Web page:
SANTA CLARA, Calif. — Colin Kaepernick's magic wore off against the Green Bay Packers on Sunday.
The rivalry that had been skewed so heavily in favor of the San Francisco 49ers and their athletic, young quarterback couldn't have been more lopsided this time around. A chorus of boos set the soundtrack of an abysmal showing against the Packers, who exorcised past demons with a 17-3 win in front of a restless crowd of 70,799 at Levi's Stadium.
It was obvious the luster was gone early. After racking up more than 1,200 yards in his first three victories over Green Bay, Kaepernick was held to 13-of-25 passing for 160 yards and an interception (55.4 passer rating). He scrambled for 57 yards, but looked uncomfortable in the pocket from the start.
Few of his passes ventured more than 10 yards and the ones that did often were well off the mark. Kaepernick frequently was met by a hoard of defenders each time he ran off the read-option or scrambled. It also didn't help that the 49ers abandoned the run. Carlos Hyde rushed only eight times for 20 yards.
Green Bay's defense isn't a finished product, but has improved considerably since the 49ers' last saw it in the 2013 playoffs. Undrafted free agent M.D. Jennings has been replaced by first-round pick Ha Ha Clinton-Dix at safety. Linebackers are more plentiful with Clay Matthews now roaming the middle of the field.
Most importantly, the once-invincible Kaepernick looked all too human. The Packers allowed only 196 total yards (119 passing, 77 rushing) to improve to 4-0 on the season and send the reeling 49ers to 1-3. By the end, chants of "Go Pack Go" started to infiltrate the 49ers' new stadium.
"I think we just continue to get better as a defense, really," said Matthews, who had one of the Packers' six sacks. "The personnel is better, too, in who we have out there. Guys are maturing and getting better. At the same time we understand what type of player he is. If the read's not open, he's going to tuck it and try and get that first down or those extra yards, so it really requires guys to be disciplined in their rush lane.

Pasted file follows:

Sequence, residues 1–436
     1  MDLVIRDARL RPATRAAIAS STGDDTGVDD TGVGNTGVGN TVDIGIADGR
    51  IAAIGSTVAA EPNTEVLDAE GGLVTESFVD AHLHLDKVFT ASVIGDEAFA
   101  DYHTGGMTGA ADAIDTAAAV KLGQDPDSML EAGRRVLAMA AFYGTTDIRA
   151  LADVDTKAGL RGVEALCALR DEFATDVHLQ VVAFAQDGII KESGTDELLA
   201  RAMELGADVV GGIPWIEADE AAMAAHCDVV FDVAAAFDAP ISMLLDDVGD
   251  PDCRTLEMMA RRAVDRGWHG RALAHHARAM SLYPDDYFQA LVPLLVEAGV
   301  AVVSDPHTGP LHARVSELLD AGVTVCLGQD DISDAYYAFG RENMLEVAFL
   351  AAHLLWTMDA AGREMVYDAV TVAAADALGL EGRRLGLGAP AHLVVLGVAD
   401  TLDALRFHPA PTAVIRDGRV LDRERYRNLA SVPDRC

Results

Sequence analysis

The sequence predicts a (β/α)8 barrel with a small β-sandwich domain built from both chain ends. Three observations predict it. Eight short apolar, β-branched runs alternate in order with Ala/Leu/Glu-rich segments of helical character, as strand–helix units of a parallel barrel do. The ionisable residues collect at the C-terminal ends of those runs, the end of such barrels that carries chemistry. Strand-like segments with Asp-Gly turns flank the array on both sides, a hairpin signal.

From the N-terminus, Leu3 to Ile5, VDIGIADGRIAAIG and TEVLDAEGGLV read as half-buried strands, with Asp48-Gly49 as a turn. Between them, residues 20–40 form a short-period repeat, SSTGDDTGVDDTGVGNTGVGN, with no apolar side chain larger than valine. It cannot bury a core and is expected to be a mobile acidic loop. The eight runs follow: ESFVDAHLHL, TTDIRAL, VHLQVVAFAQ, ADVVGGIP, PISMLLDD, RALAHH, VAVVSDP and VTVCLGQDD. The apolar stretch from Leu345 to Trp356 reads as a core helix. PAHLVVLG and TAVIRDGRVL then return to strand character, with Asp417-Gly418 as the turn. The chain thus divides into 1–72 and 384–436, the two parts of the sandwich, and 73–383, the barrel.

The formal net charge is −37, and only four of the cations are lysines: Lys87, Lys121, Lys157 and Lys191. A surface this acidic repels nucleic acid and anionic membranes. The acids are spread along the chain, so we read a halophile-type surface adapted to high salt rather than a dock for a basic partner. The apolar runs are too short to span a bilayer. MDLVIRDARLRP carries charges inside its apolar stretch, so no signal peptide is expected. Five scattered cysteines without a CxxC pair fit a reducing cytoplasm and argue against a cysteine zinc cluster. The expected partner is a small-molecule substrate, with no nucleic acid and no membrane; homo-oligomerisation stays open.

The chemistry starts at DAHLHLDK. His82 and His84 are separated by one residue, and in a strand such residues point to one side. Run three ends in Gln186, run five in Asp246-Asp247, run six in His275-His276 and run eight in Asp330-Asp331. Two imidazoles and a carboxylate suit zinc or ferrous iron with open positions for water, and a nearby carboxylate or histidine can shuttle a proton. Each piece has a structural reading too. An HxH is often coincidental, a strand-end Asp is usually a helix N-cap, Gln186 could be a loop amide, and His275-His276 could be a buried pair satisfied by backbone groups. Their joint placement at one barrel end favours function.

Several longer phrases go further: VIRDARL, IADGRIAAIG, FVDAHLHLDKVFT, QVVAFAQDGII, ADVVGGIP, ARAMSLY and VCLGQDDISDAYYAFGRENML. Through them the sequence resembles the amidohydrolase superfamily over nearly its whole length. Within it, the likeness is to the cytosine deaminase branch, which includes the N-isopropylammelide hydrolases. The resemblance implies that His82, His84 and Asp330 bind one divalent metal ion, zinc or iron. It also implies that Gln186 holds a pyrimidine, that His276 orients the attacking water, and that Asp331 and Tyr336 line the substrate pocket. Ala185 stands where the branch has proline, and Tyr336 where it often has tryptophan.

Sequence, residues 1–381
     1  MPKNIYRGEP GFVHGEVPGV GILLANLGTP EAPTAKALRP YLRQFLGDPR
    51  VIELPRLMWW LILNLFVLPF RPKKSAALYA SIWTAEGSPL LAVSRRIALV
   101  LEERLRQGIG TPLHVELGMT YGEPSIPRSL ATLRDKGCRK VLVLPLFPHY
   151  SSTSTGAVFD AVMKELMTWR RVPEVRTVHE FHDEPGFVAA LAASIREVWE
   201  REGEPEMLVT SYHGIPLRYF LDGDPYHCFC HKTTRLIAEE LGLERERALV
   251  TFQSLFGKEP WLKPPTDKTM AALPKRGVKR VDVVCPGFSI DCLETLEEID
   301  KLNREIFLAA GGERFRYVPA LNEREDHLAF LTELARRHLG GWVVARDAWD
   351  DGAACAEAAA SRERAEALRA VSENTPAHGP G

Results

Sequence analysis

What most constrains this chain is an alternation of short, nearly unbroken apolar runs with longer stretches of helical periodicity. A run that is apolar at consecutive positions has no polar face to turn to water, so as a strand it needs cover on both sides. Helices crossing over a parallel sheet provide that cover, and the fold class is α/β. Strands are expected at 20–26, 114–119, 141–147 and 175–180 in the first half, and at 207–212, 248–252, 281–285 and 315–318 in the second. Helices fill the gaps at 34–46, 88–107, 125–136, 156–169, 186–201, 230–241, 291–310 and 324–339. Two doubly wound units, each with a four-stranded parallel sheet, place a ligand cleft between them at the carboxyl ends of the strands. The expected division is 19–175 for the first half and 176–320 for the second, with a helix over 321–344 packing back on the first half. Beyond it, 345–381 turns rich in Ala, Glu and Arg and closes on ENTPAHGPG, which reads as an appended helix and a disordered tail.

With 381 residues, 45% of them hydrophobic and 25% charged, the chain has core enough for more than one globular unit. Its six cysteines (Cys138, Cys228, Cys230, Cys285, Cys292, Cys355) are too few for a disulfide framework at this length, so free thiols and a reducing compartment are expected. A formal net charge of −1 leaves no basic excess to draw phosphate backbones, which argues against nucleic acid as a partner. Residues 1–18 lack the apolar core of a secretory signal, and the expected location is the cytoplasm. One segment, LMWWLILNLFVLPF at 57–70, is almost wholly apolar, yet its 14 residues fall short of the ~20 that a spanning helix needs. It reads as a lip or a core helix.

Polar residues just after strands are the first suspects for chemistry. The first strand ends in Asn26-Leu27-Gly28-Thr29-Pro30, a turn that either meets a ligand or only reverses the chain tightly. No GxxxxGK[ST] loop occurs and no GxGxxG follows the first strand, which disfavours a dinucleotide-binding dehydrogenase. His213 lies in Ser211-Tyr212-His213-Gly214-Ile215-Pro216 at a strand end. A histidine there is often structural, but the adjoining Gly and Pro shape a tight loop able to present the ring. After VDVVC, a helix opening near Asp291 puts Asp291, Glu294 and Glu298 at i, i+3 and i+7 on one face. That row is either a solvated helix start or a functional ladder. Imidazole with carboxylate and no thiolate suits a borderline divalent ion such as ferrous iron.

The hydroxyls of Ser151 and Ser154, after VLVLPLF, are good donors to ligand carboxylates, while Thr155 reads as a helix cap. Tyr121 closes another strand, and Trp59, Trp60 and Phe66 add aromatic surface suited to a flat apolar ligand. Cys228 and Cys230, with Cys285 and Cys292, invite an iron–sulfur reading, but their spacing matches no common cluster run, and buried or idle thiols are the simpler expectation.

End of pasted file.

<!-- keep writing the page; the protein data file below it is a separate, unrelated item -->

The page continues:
"But it's a lot easier when they're winning up front and being the ones to create that pressure as opposed to on the back end having to cover it up. So that made it real easy. I felt like we did a great job beating those guys up front and getting after him."
Pete, Wes and Ryan discuss the Packers' 17-3 victory over the 49ers in Week 4 at Levi's Stadium. (Oct. 4, 2015) Weston Hodkiewicz, Pete Dougherty and Ryan Wood | Press-Gazette Media
The Packers gave up more than 400 total yards to the 49ers the first time they saw Kaepernick in the 2012 playoffs and 2013 regular season. They seemed to have an answer in the 2013 playoffs, but mounting injuries left them shorthanded by the end of the 23-20 defeat.
Many defenders felt the key to Sunday's stout performance came in how quickly Green Bay's offense started. After San Francisco deferred the opening kickoff, quarterback Aaron Rodgers led the offense on a 12-play, 80-yard drive that ended in a 9-yard touchdown pass to tight end Richard Rodgers on a scramble play.
Things slowed down from there with the offense playing without receiver Davante Adams (ankle) and right tackle Bryan Bulaga. That might have been an issue in past years, but not Sunday. The defense forced the 49ers to punt on their first three possessions, managing only 12 plays.
With Kaepernick coming off a four-interception performance against Arizona last week, San Francisco's coaching staff tried to get him comfortable with a few read-option calls early on. But his 12-yard carry on the 49ers' first offensive play would be the best he'd muster the entire night.
One reason Kaepernick wasn't able to exploit the defense of coordinator Dom Capers is the abundance of athleticism now present. On the few occasions he squirmed to the second level, Clinton-Dix and the linebacker unit quickly closed on him. Matthews was strictly an outside linebacker in the first two meetings with Kaepernick and absent in the third because of a twice-broken thumb.
Unlike their past encounters, the 49ers struggled to sustain drives with the five-time Pro Bowler clogged up the middle of the field, especially with tight end Vernon Davis out with a knee injury. Matthews finished with two tackles, a sack and another hit of Kaepernick.